Not all hikes are created equal, and Mt. Carrigain is a valuable addition to the memory bank.
Let’s see if this makes sense: there’s no truly difficult part of climbing Bondcliff in New Hampshire’s White Mountains and the Pemigewasset Wilderness. The first 50 percent of the hike covering the Lincoln Woods Trail and Wilderness Trail is all flat, heavily traveled ground. Yes, there are a few steep sections on the Bondcliff Trail—show me a 4,000-foot mountain in the Northeast that doesn’t have some serious ups—but even these are quite forgiving by White Mountains’ standards.
The Pemi Loop. The name alone brings a wistful smile to many a New England hiker’s face. Eight wide-open summits on the New Hampshire 48 list of 4,000+ footers—each offering spectacular views of the Pemigewasset Wilderness—plus four other “optional” 4,000+ peaks bagged via short side trails, help make The Loop an annual addiction for many.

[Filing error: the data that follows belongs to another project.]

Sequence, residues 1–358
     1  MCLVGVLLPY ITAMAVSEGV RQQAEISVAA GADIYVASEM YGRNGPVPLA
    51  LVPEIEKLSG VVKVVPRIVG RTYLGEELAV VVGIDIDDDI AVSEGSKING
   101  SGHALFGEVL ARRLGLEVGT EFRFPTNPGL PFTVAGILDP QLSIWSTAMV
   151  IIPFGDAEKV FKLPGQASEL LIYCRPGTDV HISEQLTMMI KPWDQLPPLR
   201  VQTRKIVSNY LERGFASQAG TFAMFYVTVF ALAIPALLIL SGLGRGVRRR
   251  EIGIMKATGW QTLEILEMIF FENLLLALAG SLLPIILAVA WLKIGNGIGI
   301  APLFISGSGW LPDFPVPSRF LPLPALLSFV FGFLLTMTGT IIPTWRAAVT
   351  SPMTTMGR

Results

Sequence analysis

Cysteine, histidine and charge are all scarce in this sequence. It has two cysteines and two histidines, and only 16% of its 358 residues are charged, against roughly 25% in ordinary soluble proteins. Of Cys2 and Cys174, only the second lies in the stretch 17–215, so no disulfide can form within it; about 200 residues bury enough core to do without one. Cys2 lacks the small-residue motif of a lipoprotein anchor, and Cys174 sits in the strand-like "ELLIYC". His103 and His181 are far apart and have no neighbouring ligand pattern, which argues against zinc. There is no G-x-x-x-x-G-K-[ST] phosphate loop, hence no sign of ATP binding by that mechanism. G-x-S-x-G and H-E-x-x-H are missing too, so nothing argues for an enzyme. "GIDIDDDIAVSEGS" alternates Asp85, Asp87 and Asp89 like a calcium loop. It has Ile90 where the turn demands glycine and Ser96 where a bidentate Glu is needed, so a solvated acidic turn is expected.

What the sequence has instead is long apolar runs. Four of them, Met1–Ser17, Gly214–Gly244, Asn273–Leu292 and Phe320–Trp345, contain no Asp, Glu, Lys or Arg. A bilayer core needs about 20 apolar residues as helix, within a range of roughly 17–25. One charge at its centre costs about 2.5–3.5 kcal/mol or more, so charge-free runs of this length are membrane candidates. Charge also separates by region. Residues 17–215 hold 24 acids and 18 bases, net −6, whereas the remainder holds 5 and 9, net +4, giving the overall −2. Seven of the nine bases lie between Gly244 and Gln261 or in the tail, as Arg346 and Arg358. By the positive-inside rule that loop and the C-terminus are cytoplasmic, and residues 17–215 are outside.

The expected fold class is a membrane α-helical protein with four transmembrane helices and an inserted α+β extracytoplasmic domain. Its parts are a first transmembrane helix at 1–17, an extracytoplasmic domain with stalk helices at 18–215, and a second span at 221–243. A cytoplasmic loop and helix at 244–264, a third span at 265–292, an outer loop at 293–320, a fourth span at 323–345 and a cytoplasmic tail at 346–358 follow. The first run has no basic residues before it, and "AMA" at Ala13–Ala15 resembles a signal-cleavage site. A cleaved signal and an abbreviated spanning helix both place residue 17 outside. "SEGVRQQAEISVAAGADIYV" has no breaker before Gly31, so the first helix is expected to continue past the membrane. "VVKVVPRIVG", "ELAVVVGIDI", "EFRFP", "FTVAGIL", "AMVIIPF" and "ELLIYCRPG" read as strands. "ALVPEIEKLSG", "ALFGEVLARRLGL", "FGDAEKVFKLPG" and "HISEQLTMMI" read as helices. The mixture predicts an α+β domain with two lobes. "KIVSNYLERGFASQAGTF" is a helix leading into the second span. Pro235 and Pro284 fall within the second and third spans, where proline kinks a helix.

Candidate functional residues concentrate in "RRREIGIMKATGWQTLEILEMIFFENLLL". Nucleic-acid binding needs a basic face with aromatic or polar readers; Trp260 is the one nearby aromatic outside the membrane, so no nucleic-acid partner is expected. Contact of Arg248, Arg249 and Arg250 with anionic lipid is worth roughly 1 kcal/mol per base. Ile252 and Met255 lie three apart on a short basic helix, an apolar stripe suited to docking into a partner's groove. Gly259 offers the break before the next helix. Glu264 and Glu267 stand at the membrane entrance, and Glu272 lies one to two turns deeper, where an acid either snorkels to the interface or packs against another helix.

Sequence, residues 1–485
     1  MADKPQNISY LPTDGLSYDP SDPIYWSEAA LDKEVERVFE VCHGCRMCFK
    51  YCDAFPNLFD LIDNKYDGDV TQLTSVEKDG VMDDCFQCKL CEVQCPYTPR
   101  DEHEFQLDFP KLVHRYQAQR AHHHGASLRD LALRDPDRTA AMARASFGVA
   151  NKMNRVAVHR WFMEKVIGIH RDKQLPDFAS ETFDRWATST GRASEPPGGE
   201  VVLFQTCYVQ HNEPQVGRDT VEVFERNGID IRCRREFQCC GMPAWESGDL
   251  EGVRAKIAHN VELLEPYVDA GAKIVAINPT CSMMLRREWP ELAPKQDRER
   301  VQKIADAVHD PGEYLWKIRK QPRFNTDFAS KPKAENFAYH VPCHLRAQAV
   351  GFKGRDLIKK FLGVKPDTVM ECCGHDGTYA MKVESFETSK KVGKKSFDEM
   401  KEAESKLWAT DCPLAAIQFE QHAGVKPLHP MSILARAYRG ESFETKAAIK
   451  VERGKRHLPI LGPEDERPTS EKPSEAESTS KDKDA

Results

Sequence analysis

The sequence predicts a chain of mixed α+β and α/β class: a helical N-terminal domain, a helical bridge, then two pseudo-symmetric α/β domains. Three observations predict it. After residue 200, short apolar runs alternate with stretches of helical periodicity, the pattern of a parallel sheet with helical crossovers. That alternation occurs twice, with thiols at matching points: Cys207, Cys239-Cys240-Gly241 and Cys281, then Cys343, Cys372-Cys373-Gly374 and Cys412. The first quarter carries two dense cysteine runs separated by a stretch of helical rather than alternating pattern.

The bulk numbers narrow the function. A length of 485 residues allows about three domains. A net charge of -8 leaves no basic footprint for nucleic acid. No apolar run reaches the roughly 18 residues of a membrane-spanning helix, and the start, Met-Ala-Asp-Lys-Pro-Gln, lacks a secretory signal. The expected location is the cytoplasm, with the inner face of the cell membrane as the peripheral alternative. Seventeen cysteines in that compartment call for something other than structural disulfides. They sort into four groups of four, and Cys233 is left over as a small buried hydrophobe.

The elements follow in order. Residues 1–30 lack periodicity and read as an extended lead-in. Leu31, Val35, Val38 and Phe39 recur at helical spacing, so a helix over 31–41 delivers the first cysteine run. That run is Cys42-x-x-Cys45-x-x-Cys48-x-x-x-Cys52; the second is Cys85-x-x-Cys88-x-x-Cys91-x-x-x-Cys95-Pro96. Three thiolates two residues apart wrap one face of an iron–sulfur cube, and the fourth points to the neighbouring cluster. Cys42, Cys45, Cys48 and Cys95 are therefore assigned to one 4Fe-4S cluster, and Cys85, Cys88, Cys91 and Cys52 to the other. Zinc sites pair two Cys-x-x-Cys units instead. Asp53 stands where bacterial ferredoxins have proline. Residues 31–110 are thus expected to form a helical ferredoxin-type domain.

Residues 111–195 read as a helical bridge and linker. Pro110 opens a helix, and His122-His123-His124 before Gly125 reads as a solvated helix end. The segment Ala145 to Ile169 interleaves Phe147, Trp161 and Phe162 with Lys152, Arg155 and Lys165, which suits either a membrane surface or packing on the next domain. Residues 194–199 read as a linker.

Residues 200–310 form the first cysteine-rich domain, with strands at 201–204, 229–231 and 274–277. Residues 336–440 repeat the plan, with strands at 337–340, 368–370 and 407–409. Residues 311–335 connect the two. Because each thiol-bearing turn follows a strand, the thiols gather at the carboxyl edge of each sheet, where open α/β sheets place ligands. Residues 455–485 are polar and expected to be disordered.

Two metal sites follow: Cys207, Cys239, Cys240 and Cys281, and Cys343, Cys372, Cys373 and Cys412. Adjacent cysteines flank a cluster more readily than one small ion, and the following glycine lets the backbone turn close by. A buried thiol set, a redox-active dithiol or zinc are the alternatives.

Bookended by the widely popular hiking destinations of Franconia Ridge and South Twin Mountain on one end, and the Presidential Range on the other, it’s easy to dismiss the New Hampshire Appalachian Trail from Mt. Guyot to Mizpah Spring Hut as the necessary in-between. To an extent this wouldn’t entirely be a mistake (the summit of Mt. Zealand isn’t likely to take anyone’s breath away); however, those who tackle this stretch are treated to ample photo opportunities from Zealand Falls, Zeacliff, Zealand Notch and the Webster Cliffs.
The New Hampshire Appalachian Trail from Mt. Garfield to Mt. Guyot features views of the Pemigewasset Wilderness you’ll lose your train of thought in, along with calorie-busting terrain to make amends for that last trip to Five Guys & Fries. In other words, par for the course. We begin this AT adventure at the intersection of the Garfield Trail and the Garfield Ridge Trail.